Ob-Gyns: Some Turning Away Overweight Women as Patients

Published on
May 17, 2011

California: Health providers and advocates are still trying to figure out the complex health policy changes in Gov. Jerry Brown's "May revise" revised California budget. The proposed changes include closing nine health-related boards or commissions and moving some children with subsidized health insurance to another plan where they may face problems accessing health care, reports David Gorn for California Healthline.

pregnancy, overweight, reporting on health, health journalismWomen's Health: In a disturbing trend, some ob-gyns in South Florida are turning down overweight or obese women as patients before they are even pregnant because of liability concerns and fears of medical complications, Bob LaMendola reports for the South Florida Sun-Sentinel. (Hat tip: FairWarning)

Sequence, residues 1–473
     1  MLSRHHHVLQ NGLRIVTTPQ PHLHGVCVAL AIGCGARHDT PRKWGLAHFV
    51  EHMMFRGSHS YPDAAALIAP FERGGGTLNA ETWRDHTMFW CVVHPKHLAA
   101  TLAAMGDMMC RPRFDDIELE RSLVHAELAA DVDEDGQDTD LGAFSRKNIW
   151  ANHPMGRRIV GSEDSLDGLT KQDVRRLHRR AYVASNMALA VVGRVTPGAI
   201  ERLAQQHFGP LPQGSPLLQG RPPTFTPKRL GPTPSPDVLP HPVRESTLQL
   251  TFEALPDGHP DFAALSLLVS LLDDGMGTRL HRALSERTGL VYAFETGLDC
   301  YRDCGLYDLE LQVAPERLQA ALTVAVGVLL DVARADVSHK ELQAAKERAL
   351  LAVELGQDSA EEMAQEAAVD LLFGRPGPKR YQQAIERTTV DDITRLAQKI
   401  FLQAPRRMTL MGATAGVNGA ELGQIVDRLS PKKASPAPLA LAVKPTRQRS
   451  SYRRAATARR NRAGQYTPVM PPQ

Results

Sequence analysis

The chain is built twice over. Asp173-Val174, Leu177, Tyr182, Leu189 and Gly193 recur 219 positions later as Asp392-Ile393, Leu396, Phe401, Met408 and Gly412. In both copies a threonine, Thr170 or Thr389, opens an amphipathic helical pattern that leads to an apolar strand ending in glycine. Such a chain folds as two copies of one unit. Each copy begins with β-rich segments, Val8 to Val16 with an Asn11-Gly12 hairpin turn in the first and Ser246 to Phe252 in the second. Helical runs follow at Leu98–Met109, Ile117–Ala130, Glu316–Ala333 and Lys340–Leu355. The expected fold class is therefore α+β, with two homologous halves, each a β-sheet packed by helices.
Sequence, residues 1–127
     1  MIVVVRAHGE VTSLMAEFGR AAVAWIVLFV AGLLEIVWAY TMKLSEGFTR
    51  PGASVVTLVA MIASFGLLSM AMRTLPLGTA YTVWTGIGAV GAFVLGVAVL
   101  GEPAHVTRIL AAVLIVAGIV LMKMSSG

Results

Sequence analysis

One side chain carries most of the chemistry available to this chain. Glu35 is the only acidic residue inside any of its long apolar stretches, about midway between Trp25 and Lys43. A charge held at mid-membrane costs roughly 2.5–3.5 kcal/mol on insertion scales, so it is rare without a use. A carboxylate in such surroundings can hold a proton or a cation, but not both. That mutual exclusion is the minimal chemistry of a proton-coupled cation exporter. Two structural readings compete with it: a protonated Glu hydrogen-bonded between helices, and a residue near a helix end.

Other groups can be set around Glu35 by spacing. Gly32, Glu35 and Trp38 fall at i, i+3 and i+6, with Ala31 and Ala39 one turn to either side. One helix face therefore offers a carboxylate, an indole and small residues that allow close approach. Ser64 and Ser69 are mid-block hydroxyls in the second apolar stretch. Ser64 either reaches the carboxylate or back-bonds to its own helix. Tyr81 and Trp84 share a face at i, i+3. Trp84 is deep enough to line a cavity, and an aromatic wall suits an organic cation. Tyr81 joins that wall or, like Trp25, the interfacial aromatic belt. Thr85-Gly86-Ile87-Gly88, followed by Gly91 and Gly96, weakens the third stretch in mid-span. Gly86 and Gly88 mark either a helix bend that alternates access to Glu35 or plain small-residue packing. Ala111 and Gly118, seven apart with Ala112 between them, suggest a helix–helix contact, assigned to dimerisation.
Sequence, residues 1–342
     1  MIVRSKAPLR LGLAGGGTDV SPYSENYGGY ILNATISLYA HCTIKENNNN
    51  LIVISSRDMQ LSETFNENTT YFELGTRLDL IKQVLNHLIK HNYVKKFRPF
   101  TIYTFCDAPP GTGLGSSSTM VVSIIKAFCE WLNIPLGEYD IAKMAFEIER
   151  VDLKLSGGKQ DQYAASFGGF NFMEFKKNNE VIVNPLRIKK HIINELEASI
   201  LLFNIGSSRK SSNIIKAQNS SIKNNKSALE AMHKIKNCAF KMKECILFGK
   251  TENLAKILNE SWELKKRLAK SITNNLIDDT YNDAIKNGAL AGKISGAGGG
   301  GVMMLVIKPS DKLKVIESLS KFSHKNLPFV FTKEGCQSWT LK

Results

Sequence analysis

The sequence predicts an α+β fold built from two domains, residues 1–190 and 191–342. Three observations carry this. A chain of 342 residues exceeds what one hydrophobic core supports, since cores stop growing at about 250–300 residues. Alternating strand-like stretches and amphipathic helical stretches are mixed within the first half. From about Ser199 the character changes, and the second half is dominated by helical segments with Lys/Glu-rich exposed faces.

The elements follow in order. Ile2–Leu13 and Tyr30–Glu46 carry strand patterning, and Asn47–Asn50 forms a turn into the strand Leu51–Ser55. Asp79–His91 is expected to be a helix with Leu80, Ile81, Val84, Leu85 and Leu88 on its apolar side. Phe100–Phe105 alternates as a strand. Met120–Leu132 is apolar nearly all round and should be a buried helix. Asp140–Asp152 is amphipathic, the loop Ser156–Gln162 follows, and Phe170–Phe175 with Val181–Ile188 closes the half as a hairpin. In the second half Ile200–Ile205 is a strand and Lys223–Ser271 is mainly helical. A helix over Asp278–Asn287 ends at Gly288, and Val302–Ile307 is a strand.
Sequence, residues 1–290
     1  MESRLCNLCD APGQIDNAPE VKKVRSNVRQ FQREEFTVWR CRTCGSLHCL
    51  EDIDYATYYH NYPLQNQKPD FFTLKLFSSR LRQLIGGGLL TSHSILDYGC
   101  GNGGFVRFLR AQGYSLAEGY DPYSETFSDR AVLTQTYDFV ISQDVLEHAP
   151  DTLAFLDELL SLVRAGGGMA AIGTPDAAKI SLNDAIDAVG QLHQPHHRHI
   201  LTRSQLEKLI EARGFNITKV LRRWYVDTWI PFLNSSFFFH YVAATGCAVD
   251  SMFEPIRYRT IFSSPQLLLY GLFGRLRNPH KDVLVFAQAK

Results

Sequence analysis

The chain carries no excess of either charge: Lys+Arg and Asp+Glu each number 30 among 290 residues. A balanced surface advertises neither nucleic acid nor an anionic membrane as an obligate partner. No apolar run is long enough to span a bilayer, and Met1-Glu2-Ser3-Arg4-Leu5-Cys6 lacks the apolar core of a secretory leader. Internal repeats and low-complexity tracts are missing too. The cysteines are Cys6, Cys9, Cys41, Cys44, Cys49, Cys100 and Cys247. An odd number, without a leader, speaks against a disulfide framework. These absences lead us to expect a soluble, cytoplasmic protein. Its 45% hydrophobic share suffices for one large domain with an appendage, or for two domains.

Medicare: A surprising study of 46 million Medicare patients finds that rural seniors are more likely than their urban counterparts  to have any of nine common surgeries including knee replacements, suggesting that rural health access may be better than thought – although some experts disagree, Lindsey Tanner reports for the Associated Press.

Mental Health: Morgellons patients have long asked for more medical studies of their controversial disease, but they may not like the results of this one: researchers found no infestation in skin biopsies from patients who complained of incessant itching they believe is from parasites or bugs. The disease is psychological, the researchers concluded, Melissa Healy reports for the Los Angeles Times.

Post-Mortem: Autopsies to reveal cause of death in hospital patients are becoming more rare, Michelle Andrews reports for the Washington Post. 

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